Sociable

Tuesday, September 23, 2008

This housing crisis

September 23, 2008 - Tuesday

This housing crisis
Current mood: anxious


I found this over at
http://www.ibdeditorials.com/anotherlook.aspx

Good Intentions Gone Bad
By AP | Thursday, September 18, 2008 4:30 PM PT


In view of the mortgage meltdown that led to the current financial crisis, we couldn't resist rerunning this 2004 photo from the Associated Press that appeared in this spot April 3. It was taken after Bank of America agreed to a $6 billion affordable housing program pushed by the Neighborhood Assistance Corp. of America (NACA). The program was designed to provide mortgages to low-income homebuyers without requiring a down payment or charging closing costs and fees. The expressions on the faces of CEOs Kenneth Lewis of BofA, left, and Chad Gifford of FleetBoston as they listen to NACA's Bruce Marks say it all.

Click to Enlarge



My take:
With all that is being said about the current financial meltdown, little time is being given to the fact that people were buying houses they couldn't afford. When we were trying to get Mom into the duplex, we were very specific about what monthly payments she could handle. If a property was out of her/our range, we didn't even consider it. Sure we could have moved her into some 4 bedroom nice places in Arvada with a sub-prime loan... but we realized that those payments would go up and get out of her grasp in short order... so we kept looking. The purchase turned into a fiasco (the lender backed out because he felt the seller was being unethical... which turned out to be true) and we got stuck in a rental disaster with no rental agreement and ever increasing rent, but that's outside the point.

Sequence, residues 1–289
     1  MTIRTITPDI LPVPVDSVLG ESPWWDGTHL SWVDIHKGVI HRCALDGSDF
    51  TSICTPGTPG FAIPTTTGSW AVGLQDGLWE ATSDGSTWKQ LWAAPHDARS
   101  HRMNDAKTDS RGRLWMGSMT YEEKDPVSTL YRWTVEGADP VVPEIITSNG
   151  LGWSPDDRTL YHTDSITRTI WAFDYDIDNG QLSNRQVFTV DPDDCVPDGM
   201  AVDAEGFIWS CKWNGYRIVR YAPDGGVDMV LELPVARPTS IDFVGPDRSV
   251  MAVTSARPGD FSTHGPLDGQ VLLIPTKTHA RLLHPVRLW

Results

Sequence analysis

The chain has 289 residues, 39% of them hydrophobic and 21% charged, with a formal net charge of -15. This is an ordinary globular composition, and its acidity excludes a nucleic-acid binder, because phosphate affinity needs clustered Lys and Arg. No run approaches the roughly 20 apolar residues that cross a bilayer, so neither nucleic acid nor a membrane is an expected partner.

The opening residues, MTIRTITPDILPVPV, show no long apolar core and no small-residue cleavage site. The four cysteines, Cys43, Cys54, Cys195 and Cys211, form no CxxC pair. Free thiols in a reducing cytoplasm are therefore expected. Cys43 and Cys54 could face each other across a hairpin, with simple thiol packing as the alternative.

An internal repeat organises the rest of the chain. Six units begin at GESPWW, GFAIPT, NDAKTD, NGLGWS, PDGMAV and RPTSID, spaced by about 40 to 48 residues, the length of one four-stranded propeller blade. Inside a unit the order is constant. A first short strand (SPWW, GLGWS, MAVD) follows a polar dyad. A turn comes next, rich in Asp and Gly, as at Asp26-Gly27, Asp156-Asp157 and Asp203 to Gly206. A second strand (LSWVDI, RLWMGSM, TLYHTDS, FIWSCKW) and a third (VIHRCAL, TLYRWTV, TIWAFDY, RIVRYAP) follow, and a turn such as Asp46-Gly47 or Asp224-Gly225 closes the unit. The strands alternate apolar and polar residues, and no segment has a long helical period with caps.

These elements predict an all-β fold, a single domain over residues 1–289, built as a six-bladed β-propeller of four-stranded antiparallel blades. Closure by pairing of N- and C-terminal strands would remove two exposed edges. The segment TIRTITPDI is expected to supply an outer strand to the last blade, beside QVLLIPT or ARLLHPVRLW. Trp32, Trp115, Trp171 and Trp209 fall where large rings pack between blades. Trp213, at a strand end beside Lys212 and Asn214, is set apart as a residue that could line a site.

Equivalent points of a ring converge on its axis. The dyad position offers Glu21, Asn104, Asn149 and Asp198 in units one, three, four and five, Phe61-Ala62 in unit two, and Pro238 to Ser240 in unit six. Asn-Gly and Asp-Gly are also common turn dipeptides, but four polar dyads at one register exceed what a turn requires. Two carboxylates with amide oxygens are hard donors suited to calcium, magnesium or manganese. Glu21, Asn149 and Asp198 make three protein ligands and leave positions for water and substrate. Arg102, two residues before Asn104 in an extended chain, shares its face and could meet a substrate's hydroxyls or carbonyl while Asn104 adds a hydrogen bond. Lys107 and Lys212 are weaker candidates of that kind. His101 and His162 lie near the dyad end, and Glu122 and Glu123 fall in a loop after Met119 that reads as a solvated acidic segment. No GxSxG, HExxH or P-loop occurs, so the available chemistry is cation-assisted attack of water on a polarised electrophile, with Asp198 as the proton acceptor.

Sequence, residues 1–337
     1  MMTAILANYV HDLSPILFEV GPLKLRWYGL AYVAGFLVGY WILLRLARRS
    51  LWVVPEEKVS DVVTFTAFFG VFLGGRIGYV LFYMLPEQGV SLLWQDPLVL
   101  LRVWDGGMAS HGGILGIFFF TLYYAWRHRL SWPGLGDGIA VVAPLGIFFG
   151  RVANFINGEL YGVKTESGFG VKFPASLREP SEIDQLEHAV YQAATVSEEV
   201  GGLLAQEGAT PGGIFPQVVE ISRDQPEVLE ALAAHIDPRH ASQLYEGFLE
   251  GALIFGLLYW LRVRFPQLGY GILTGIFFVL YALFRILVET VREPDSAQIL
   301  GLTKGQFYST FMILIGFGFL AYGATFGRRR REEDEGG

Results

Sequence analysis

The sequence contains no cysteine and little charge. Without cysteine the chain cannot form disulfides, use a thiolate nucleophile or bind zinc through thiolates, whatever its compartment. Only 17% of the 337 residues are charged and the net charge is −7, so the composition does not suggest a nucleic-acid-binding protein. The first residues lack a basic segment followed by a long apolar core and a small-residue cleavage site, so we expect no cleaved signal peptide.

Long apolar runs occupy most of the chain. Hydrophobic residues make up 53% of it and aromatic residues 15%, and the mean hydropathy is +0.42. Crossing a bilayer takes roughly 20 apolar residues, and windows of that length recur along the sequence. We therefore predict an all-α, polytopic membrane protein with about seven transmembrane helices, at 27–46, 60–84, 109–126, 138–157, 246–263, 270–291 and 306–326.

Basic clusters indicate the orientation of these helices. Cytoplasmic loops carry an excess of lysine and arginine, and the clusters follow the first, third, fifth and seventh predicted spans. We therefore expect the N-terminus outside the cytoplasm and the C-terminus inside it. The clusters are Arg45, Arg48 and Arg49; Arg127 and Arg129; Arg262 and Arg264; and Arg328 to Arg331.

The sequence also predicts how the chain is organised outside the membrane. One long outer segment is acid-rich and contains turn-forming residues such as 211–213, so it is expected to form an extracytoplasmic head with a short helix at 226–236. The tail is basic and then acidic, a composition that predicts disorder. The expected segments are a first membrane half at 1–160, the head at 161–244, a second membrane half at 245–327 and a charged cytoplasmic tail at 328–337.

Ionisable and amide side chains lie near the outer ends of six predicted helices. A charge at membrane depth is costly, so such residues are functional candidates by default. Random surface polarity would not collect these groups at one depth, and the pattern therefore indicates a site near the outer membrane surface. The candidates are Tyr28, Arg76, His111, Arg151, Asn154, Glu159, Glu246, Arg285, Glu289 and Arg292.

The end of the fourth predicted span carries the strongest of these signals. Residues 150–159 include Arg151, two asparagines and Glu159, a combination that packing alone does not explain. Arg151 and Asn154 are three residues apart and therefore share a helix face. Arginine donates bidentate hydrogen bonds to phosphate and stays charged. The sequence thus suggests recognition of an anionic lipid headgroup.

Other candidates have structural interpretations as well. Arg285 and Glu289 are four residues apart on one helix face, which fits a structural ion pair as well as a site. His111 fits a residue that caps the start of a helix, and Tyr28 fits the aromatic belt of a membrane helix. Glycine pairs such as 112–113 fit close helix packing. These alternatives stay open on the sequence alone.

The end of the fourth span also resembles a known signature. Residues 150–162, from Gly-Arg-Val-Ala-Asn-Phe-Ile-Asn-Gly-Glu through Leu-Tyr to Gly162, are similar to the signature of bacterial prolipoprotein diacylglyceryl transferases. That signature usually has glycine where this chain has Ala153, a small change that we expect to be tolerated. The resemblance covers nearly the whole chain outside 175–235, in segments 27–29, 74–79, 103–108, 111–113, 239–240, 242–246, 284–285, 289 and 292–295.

This crisis was caused by "programs" initiated by liberal government ideals such as the Neighborhood Assistance Corp. of America (NACA) mentioned above. All with good intentions "let's get not-so-wealthy folks into houses." BUT the "not so wealthy folks" couldn't AFFORD to get into houses just yet... and they defaulted on their mortgage loans. Now, once again, like the McDonald's hot-coffee plaintiff, common folks are looking to the government to make up for their own mistakes and self-inflicted "crisis." There's this whole mentality nowadays that the government should fix any mistakes (or out-and-out frauds) that we bring upon ourselves... and to speak contrary to that "benevolence" makes you cold and heartless ("How could you possibly fault working class Americans that were just trying to buy a house for their families and live the American dream?")

1ST Question -
How many of these defaulted loans by "working class Americans" were taken out by/for illegals? I'm just curious. Bank of America is proud of the fact that it extended loans to "undocumented workers" - where do they fit into this puzzle?
http://seattletimes.nwsource.com/html/realestate/2003586080_harney25.html

2ND Question-
What SHOULD the government have done instead?
They should've kept HUD homes the way they were intended... selling them for pennies on the dollar and THEN the working class (myself included) could have actually moved in and invested time and effort into fixing up the place. However, HUD now (in order to turn a profit for the government) MUST sell the house at the "fair market value" making HUD nothing more than another property-holding company.... and NOT the opportunity it was intended to be!

Just my two pennies




Currently listening :
Duets: An American Classic
By Tony Bennett
Release date: 2006-09-26


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